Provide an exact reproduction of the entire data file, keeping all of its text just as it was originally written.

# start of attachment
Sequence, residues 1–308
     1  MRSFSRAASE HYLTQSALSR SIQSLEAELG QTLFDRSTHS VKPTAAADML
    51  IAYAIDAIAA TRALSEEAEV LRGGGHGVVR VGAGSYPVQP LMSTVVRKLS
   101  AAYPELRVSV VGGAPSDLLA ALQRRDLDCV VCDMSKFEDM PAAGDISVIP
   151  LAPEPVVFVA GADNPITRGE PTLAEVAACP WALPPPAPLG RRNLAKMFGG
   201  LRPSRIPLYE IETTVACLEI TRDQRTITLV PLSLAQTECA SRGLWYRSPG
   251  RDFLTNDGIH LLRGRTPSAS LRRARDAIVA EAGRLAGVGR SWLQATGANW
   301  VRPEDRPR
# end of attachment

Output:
Sequence, residues 1–308
     1  MRSFSRAASE HYLTQSALSR SIQSLEAELG QTLFDRSTHS VKPTAAADML
    51  IAYAIDAIAA TRALSEEAEV LRGGGHGVVR VGAGSYPVQP LMSTVVRKLS
   101  AAYPELRVSV VGGAPSDLLA ALQRRDLDCV VCDMSKFEDM PAAGDISVIP
   151  LAPEPVVFVA GADNPITRGE PTLAEVAACP WALPPPAPLG RRNLAKMFGG
   201  LRPSRIPLYE IETTVACLEI TRDQRTITLV PLSLAQTECA SRGLWYRSPG
   251  RDFLTNDGIH LLRGRTPSAS LRRARDAIVA EAGRLAGVGR SWLQATGANW
   301  VRPEDRPR